Ford, GM launch expansion plans as Biden charges up battery strategy

China 2905 Cons. Discr. - Autos 1117 Energy - Renewables 165 Info Tech - Tech Hardware 737 Japan 572 South Korea 550 U.S. 5211

The Biden administration’s 100 day review of critical supply chains has yielded detailed policy recommendations across four major sectors including large capacity batteries, key minerals, semiconductors and pharmaceutical ingredients. 

In the case of large capacity batteries the review is coming just as the autos industry goes through a one-in-a-generation restructuring of supply chains with the shift to electric vehicles. The relative simplicity of supply chains versus combustion drive trains and importance of batteries within the product from a scale and expense perspective makes capturing battery manufacturing both an employment and security of supply issue.

Indeed, the Department of Energy in the review has stated that there are “benefits from co-location (e.g., cost and flexibility benefits from placing battery pack and cell manufacturing near EV demand)“.

That comes as Ford and General Motors have both announced their long-term investment plans to increase electric vehicle manufacturing. The “Ford+” plan will involve investments of at least $30 billion in electrification in the period to 2025 including shifting half the production of its Lincoln brand to electric drive trains over that period. 

General Motors meanwhile plans spending $35 billion in the 2020 to 2025 period with an annual global EV sales target of one million by 2025. Both will likely be looking to secure incentives from the Biden administration’s plans.

The DoE has made 26 recommendations in four broad categories that include incentives “needed to incentivize every stage of the U.S. battery supply chain including boosting demand for products like EVs and stationary storage that use high-capacity batteries” suggesting demand as well as supply side measures are needed. 

On the demand side there are recommendations to electrify the federal fleet of vehicles, offer commercial rebates, roll out charging infrastructure and promote utility-scale use of battery storage to support renewables.

The supply side is more complex. Battery production will largely depend on private capital investment, with proposals to provide federal grants as well as renew manufacturing tax credits  The policies will require coordination with lithium, nickel and cobalt strategies covered in key minerals review as discussed in Panjiva’s research of June 15. Those are complicated by incorporating investment in mines in allied countries and emerging markets which may also want to foster their own battery and electric vehicle businesses.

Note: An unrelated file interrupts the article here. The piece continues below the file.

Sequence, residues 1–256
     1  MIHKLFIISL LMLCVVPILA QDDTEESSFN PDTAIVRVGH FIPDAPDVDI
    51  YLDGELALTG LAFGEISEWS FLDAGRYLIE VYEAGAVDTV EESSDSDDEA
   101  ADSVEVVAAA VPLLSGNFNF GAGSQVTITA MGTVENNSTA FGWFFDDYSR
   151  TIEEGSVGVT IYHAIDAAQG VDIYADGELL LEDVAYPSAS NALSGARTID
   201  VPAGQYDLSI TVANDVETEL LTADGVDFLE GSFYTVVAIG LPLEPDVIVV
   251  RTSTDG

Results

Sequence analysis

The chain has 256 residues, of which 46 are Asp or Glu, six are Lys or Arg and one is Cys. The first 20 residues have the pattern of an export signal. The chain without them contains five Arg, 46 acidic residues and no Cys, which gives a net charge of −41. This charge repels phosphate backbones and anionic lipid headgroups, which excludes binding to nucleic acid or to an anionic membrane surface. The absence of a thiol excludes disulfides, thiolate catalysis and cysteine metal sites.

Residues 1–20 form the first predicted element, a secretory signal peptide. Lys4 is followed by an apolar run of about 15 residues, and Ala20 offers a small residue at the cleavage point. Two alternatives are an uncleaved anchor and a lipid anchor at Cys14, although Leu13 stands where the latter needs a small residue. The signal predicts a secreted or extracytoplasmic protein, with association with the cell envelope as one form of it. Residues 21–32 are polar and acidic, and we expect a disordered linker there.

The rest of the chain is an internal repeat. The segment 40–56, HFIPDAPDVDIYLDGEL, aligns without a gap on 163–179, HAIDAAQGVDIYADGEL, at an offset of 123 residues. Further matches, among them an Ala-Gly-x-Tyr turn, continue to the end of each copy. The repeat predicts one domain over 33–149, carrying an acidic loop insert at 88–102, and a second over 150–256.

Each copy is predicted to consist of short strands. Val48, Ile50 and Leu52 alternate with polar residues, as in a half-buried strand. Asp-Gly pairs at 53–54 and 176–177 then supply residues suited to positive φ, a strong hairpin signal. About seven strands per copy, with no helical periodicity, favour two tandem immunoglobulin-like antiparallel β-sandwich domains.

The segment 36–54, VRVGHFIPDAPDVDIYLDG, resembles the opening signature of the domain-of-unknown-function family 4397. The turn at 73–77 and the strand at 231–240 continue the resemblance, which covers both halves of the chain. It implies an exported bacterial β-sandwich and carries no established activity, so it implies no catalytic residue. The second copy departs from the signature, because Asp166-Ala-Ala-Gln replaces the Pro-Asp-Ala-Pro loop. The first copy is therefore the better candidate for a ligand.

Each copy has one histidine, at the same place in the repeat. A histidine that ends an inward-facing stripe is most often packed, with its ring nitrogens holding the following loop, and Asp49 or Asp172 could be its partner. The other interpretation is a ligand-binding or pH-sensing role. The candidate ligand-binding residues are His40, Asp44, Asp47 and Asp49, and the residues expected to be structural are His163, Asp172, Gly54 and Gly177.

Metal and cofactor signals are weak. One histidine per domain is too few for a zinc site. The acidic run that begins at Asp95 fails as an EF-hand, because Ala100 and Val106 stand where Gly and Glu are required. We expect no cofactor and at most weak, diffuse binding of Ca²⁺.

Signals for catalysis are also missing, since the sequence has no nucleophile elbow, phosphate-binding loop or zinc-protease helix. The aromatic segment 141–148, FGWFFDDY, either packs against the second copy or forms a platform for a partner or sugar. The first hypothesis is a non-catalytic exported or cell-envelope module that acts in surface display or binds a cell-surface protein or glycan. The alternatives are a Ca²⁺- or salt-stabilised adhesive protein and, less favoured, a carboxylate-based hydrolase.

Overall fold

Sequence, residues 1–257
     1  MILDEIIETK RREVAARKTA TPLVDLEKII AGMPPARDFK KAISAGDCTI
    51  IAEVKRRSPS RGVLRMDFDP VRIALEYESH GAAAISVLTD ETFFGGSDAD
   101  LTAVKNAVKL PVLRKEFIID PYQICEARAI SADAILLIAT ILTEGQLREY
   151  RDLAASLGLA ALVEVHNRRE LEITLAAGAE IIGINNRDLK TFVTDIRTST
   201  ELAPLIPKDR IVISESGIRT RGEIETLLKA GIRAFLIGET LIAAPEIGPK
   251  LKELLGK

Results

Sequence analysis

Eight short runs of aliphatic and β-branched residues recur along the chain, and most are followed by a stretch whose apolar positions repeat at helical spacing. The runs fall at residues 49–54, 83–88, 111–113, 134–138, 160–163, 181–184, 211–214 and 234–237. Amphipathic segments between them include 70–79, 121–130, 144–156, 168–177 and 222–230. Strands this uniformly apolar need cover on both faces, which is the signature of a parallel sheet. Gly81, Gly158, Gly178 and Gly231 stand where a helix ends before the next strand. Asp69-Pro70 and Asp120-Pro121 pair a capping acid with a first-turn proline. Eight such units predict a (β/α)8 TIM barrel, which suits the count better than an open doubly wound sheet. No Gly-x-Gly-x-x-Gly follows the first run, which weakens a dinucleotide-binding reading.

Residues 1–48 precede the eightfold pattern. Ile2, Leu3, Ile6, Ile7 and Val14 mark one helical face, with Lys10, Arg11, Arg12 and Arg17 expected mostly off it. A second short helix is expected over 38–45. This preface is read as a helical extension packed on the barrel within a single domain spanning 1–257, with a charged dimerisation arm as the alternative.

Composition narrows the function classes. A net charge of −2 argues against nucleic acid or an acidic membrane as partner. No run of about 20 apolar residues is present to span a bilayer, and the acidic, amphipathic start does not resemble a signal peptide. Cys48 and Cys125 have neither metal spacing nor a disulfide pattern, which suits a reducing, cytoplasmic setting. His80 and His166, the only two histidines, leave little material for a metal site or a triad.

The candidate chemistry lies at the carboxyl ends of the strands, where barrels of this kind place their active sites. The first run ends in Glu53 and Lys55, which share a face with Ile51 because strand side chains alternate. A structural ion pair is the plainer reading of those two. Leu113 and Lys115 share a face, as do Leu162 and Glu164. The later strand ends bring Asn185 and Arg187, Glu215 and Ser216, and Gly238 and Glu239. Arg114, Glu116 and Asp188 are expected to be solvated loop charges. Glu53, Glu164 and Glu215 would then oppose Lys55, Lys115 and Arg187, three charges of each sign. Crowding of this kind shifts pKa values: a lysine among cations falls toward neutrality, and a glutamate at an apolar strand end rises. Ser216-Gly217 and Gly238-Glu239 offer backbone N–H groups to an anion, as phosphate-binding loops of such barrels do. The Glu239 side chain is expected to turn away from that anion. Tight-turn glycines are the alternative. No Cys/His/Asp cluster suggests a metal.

The peril from U.S. automotive supply chains’ reliance on overseas battery supplies can be seen in the recent acceleration in U.S. imports of large capacity batteries. Panjiva’s data shows U.S. imports of lithium ion batteries for automotive applications climbed 128% year over year in the three months to April 30. That was largely down to a surge in shipments from China, a strategic adversary as defined in the administration’s supply chain review, while imports from Japan fell and those from South Korea rose by 71.7%.

There’s been significant volatility however, with imports in the past three months down sequentially (three months to April 30 versus three months to Jan. 31) by 36.8% including a 32.9% drop in shipments from China and an 81.8% drop in shipments from South Korea. Supplies also have been complicated by the, now settled, intellectual property lawsuit between LG Chem and SK Innovation. 

China has come to dominate U.S. large battery imports

Chart segments U.S. imports of large capacity batteries by origin on a monthly and three-month average basis. Source: Panjiva

The settlement has allowed SK Innovation to launch its battery joint venture with Ford to enable the delivery of development plans flagged above. Despite that, there’s been a marked decline in U.S. seaborne imports of batteries linked to SK Innovation with a 54.0% drop in the three months to May 31 versus the three months to Feb. 28 even though shipments are still 6.3x higher than a year earlier and 166% above those in the three months to May 31, 2019.

Shipments linked to LG Chem meanwhile have been in a longer-term decline with a 13.3% sequential drop and a 62.2% slide versus a year earlier. It remains to be seen whether the settlement with SK Innovation will result in a renewed surge in shipments.

The largest importer however remains Tesla, with growth of 47.5% sequentially and by 170.2% year over year as the firm continues to expand shipments of the mass-market Model 3 and Model Y vehicles.

Tesla ramps up battery imports as model range expands

Chart segments U.S. seaborne imports of lithium ion batteries by consignee on a monthly and three-month average basis. Source: Panjiva

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